It is the story of Sir Hector 'Fighting Mac' Macdonald, born a Highland crofter's son who worked his way up through the ranks of the army, distinguishing himself in battle, only to commit suicide when accused of inappropriate behaviour with young boys.
My first problem is choppiness of the first half, lots of short scenes interjected with some random moments such as when one of the actors playing multiple parts pretends to forget which character he is playing breaking the fourth wall.There is also a random song where the words of a familiar hymn are changed to reflect people's feelings about Mac. It is an unnecessary distraction from an otherwise fascinating and moving story that doesn't really come into its own until the scenes get longer in the latter stages of the second half.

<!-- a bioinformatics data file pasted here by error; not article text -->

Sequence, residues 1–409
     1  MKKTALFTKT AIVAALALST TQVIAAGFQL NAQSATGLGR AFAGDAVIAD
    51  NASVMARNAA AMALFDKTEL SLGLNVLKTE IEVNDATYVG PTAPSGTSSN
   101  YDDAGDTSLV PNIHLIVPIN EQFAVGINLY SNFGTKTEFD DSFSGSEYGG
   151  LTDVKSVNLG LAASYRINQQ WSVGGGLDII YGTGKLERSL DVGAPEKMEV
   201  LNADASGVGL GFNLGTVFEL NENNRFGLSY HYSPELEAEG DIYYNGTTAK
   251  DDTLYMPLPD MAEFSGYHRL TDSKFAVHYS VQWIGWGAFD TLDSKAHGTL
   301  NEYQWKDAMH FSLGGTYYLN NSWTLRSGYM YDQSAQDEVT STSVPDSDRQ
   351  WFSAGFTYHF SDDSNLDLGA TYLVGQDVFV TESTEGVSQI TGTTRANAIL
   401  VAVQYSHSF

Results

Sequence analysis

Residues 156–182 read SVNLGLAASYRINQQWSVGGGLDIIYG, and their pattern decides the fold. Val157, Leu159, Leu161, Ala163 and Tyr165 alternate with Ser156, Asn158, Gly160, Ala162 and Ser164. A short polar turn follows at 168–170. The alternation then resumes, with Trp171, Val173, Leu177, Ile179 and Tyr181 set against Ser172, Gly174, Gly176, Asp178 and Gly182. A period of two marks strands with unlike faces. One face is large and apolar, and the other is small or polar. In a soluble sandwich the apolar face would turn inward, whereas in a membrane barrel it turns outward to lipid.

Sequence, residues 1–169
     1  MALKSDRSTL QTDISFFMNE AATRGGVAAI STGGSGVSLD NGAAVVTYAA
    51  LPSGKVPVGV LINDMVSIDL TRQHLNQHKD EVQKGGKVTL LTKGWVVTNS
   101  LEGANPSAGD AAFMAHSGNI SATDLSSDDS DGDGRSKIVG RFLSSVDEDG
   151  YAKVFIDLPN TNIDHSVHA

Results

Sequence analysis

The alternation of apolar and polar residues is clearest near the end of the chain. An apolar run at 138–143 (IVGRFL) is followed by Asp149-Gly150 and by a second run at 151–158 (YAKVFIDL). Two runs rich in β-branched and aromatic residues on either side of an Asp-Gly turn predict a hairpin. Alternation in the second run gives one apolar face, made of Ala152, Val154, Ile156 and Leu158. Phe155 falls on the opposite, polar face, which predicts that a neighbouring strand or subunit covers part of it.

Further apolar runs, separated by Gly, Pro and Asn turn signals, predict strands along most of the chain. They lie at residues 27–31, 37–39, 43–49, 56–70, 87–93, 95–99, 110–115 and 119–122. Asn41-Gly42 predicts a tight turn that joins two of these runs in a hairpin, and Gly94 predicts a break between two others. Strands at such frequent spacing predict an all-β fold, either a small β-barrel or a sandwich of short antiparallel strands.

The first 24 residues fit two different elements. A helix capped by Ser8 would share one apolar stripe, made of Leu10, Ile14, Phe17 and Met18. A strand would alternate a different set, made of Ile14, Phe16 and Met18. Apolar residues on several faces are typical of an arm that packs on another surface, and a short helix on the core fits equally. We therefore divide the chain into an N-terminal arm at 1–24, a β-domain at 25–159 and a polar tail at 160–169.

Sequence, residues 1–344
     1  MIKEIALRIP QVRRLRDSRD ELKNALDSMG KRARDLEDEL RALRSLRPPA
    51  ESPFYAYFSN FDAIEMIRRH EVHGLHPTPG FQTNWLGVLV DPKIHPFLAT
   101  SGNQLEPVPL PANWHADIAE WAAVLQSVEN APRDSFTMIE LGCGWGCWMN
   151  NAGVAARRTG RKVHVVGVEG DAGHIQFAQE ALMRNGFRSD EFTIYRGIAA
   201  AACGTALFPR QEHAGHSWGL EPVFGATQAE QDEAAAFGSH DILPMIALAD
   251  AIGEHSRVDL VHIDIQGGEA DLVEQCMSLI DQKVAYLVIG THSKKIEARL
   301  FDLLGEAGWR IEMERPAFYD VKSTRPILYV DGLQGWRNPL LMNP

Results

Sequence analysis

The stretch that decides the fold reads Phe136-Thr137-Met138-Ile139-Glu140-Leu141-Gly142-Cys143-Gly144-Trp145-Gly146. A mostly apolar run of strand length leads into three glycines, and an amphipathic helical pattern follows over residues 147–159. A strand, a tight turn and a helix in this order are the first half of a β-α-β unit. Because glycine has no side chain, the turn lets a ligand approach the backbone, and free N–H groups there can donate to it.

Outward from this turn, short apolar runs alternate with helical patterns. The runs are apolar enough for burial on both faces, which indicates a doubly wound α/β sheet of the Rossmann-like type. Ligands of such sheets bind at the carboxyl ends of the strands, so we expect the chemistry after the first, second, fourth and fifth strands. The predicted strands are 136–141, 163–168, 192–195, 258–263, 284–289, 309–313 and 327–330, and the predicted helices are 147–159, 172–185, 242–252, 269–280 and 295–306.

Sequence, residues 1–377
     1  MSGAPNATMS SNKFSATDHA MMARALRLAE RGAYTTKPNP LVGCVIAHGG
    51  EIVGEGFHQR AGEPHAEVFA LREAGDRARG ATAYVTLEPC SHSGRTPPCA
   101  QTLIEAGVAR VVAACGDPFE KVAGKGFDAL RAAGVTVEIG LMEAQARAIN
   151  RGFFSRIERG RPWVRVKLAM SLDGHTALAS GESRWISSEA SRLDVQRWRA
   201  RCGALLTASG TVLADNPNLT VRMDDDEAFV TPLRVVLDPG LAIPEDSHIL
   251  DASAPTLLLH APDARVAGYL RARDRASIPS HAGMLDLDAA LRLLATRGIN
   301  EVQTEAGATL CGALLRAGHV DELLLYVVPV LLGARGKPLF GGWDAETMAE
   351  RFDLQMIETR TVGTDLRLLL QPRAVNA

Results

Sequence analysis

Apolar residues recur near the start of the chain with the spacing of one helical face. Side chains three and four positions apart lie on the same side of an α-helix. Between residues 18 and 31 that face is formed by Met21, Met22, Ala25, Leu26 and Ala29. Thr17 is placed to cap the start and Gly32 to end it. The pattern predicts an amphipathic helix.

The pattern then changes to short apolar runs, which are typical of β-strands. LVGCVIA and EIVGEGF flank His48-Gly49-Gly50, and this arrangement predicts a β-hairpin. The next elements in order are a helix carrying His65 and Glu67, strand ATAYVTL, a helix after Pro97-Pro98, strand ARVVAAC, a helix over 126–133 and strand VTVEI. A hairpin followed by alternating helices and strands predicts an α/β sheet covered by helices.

My second problem relates to how the story is offered up. On the the back of the programme, the piece is described as "a fascinating journey into an unsolved historical mystery" which would be great if Gooderson didn't leave you in any doubt as to what he thinks happened. I kept waiting for a hint of conflicting evidence but none came.
Mac's story, as told by Gooderson is a tragic tale of class snobbery and pride painted as a mystery and as such it doesn't always work. That said, I could have listened to Stuart McGugan, soft lilting Scottish accent all evening.
So Great A Crime runs at the Finborough Theatre on selected dates until January 22.